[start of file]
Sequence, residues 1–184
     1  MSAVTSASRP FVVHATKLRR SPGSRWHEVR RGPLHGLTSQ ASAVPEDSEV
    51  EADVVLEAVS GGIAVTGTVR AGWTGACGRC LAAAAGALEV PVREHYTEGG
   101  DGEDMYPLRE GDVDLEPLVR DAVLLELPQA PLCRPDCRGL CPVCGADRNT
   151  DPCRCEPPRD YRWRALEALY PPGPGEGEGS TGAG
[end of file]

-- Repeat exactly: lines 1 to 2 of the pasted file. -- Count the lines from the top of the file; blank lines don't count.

Sequence, residues 1–184
     1  MSAVTSASRP FVVHATKLRR SPGSRWHEVR RGPLHGLTSQ ASAVPEDSEV